HUNTSVILLE, AL -- GE Intelligent Platforms announced on January 7, 2014, that it has received an order from the High Performance Systems Branch (RITB) of the US Air Force Research Laboratory (AFRL) Information Directorate (RI) for a HPEC (High Performance Embedded Computing)  system that will enable the development and deployment of advanced neuromorphic architectures and algorithms for adaptive learning, large-scale dynamic data analytics and reasoning.
The system takes advantage of NVIDIA GPU  accelerators, leveraging the highly parallel nature of the technology to deliver maximum performance. The GE system will provide real-time processing for high bandwidth data derived from RF (radio frequency) sensors. It is designed to support the US DoD’s High Performance Computing Modernization Program (HPCMP), and will be used for the development of next-generation radar programs such as Gotcha wide-area SAR (synthetic aperture radar).
The GPU-based HPEC system is housed in a 6U OpenVPX  rack mount chassis and is capable of delivering 20 teraflops (20 trillion floating point operations per second) in computing horsepower. The system is scalable and can be expanded to include additional racks and compute nodes.
“GE has long been a proponent of GPU accelerators as the optimum approach to solving the toughest problems facing military organizations today,” said Rod Rice, General Manager, Military & Aerospace Products at GE Intelligent Platforms. “GPUs deliver an unbeatable combination of very high performance computing with minimal power consumption and heat dissipation in constricted spaces — characteristics that were key to AFRL awarding GE this order. GE’s NVIDIA GPU-based products are helping to provide industry-leading solutions in many high profile programs.”
“This embedded system, provides a path forward to apply large scale neuromorphic computing models for Air Force’s state-of-the-art ISR platforms and systems,” said Mark Barnell, HPS Program Manager, AFRL RITB.
“GPU accelerators enable clearer and faster insights by dramatically accelerating signal and video processing, while minimizing system size, weight and power consumption,” said Sumit Gupta, General Manager of Tesla GPU Accelerated Computing at NVIDIA. “When combined with GE’s HPEC system, AFRL will have access to unprecedented levels of computing horsepower to tackle even their most demanding computational challenges.”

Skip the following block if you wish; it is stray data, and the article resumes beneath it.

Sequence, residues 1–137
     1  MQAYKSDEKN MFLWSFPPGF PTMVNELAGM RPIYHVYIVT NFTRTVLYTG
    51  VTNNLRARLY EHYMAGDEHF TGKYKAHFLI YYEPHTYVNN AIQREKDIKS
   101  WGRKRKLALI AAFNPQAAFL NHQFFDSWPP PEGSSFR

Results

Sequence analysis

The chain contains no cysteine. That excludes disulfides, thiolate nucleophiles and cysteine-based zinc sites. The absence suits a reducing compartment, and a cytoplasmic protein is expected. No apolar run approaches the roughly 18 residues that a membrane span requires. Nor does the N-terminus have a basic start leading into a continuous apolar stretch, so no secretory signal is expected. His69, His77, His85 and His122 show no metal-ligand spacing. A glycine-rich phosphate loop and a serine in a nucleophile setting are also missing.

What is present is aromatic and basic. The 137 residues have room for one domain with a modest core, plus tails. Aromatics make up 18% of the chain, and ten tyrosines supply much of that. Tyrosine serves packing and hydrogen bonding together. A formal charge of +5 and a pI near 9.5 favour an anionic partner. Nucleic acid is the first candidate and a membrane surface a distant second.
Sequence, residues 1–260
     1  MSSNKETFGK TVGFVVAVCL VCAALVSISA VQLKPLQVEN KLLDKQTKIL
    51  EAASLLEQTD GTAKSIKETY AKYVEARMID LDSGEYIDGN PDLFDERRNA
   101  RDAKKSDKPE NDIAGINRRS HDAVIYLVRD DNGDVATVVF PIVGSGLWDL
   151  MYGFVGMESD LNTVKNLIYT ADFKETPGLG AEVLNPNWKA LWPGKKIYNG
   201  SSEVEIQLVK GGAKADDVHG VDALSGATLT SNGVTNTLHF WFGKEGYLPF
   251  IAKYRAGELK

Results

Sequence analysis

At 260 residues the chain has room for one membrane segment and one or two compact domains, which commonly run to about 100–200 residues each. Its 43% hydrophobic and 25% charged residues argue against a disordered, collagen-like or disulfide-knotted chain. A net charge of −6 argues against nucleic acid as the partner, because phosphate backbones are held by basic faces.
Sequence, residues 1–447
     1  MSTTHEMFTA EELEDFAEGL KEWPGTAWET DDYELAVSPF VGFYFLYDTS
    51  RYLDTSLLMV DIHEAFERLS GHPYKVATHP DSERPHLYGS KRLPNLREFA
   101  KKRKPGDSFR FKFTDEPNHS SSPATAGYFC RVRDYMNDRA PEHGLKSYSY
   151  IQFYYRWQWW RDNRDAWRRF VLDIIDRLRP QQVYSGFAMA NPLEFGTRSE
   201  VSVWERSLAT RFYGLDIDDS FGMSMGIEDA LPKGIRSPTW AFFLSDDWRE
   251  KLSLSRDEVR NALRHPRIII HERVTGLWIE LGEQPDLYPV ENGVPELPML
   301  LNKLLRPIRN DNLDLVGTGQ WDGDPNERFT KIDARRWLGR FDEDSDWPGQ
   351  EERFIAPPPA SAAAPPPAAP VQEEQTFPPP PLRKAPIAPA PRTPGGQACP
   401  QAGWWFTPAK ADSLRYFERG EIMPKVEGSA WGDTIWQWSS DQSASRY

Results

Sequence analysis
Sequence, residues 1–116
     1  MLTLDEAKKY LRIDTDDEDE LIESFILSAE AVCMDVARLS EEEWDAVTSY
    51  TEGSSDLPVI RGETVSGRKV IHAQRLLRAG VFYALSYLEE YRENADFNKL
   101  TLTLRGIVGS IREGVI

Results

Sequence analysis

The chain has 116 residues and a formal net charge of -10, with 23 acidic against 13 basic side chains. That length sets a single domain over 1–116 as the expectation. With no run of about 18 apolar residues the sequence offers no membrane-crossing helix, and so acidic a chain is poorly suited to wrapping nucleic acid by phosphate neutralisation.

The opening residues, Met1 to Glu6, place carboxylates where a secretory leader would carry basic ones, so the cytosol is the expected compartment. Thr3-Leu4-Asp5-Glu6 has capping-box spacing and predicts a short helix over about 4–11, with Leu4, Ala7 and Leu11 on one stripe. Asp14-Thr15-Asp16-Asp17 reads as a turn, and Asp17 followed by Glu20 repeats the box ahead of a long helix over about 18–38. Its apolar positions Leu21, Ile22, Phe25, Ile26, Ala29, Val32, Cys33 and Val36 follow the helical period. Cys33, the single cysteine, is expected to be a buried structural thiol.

The GE HPEC system is modular in design, with each rack comprising five SBC625 single board computers  featuring quad core Intel Core i7 processors, and RDMA-capable Mellanox 10 Gigabit Ethernet/ InfiniBand  adapters. The single board computers are coupled with modules featuring the latest NVIDIA GPU accelerators based on the NVIDIA Kepler computing architecture, delivering a total of 13,440 cores. Inter-board communication is achieved via GE’s 20-port IBX400 InfiniBand switch .
GE’s High Performance Embedded Computing strategy is backed by a unique Center of Excellence. Opened in 2012, it provides the focus for the future development of ever-more-powerful products and solutions for military/embedded computing. Its primary goal is to support customers such as AFRL with consulting services designed to help them with architecture definition, application development, algorithm development and performance optimization — reducing cost and risk, and speeding time to deployment.
About GE Intelligent Platforms
GE Intelligent Platforms is a General Electric company, headquartered in Charlottesville, VA, and part of GE Energy Management. The company’s Military/Aerospace business, headquartered in Huntsville, AL, and Towcester, England, provides one of the industry’s broadest ranges of high performance, rugged, SWaP-optimized embedded computing platforms. Backed by programs that provide responsive customer support and minimize long term cost of ownership for multi-year programs, GE’s solutions are designed to help customers minimize program risk and cost, and to speed time-to-market. For more information, visit defense.ge-ip.com.
GE Intelligent Platforms announced that it has received an order from the High Performance Systems Branch (RITB) of the US Air Force Research Laboratory (AFRL) Information Directorate (RI) for a HPEC (High Performance Embedded Computing) system that will enable the development and deployment of advanced neuromorphic architectures and algorithms for adaptive learning, large-scale dynamic data analytics and reasoning.